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Substance Abuse Treatment System

Despite the significant correlation between domestic violence and chemical dependency, very little research has been conducted and even less has been done to assist victims with chemical dependency problems to meet their dual need for both safety and sobriety. Similarly, little has been done to develop intervention strategies that address both the domestic violence and substance abuse problems of chemically dependent men who batter, and even less to address the needs of battered gay men and lesbians in alcohol/other drug treatment programs. As a result, workers in both systems are often ill-equipped to provide the range of services needed by battered women, lesbians and gay men, and abusers who are affected by chemical dependency.

For women, revictimization is predictive of relapse. Many victims begin or increase their use of alcohol/other drugs in response to the violence, as a way to medicate the physical and emotional effects of victimization. In fact, many chemically dependent victims are addicted to sedatives, tranquilizers, stimulants, and hypnotics, drugs that were prescribed by health care providers from whom they sought help. Elder victims may be at particularly high risk for prescription drug and alcohol interaction. About 2.5 million older persons (65-plus) have alcohol-related problems (24) and older people account for approximately 25% of all prescriptions filled, although they comprise only 12% of the total U.S. population. (25) In addition, many victims' use of substances is coerced by their partners as a mechanism of control. As a result, victims' recovery efforts are often directly sabotaged by their partners. Effectively addressing the safety needs of chemically dependent victims is an essential part of a successful recovery strategy.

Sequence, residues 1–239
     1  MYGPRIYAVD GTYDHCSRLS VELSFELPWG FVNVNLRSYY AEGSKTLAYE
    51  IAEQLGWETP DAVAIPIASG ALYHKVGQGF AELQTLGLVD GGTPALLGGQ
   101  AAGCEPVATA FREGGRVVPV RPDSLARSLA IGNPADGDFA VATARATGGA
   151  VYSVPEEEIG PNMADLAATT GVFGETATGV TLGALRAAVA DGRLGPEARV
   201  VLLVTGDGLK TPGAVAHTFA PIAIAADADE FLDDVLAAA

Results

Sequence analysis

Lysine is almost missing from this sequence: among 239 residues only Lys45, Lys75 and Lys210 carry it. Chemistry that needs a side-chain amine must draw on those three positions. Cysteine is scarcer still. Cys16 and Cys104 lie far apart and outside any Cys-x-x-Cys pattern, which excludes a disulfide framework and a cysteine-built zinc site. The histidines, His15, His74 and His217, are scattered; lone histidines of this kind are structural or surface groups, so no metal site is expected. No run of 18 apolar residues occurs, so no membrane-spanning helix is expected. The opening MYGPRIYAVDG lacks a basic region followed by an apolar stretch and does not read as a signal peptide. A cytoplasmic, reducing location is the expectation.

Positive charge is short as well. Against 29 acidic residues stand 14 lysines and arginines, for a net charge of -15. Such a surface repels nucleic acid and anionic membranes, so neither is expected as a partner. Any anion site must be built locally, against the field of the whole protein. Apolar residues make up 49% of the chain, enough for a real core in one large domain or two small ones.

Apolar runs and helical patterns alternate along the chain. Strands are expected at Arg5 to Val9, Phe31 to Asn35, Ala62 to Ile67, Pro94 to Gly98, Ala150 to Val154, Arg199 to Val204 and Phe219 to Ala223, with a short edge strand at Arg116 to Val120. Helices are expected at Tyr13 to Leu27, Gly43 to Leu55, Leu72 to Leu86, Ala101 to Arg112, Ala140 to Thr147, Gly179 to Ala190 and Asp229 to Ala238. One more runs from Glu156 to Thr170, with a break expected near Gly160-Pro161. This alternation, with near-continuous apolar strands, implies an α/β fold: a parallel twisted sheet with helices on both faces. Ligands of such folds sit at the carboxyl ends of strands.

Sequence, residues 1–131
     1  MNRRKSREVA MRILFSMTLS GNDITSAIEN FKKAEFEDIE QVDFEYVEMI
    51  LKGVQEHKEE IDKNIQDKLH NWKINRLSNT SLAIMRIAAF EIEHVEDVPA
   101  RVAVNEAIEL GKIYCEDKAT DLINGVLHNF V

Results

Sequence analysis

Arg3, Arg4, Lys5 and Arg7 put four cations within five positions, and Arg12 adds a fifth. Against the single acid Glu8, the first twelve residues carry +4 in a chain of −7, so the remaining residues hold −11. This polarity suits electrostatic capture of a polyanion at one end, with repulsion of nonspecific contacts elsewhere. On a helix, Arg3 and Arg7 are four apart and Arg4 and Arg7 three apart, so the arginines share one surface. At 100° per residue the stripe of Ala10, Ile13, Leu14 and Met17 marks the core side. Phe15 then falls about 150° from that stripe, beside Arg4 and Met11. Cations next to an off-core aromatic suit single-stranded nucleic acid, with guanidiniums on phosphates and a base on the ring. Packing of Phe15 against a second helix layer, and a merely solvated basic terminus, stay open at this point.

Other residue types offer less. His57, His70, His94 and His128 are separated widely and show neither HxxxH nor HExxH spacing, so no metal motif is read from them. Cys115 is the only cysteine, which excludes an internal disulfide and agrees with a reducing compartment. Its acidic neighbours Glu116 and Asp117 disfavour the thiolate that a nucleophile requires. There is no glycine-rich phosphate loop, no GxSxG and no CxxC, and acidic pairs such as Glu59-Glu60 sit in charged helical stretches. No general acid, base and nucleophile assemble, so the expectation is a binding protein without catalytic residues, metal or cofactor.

Alcohol and other drug use and addiction do not cause men to perpetrate abuse in their intimate relationships, (26) and substance abuse treatment alone is unlikely to stop the violence. Victims with drug-dependent partners consistently report that during their partner's recovery the abuse not only continues, but often escalates, creating  greater levels of danger than existed prior to their partners' abstinence. In the cases in which victims report that the level of physical abuse decreases, they often report a corresponding increase in other forms of coercive control and abuse-the threats, manipulation, and isolation intensify. (27)

Abusers who are also alcohol or other drug-involved need to address the alcohol/other drug problem separate from, and in addition to, being subject to appropriate criminal or civil justice sanctions for their abusive behavior. Not only is this a critical strategy to enhance victim safety, but abusers' continued use of coercive and violent acts against their partners is often a precipitant to relapse. Addictions self-help groups and substance abuse treatment programs were not designed to address battering and are not equipped to enforce abuser accountability, a role more appropriate to the

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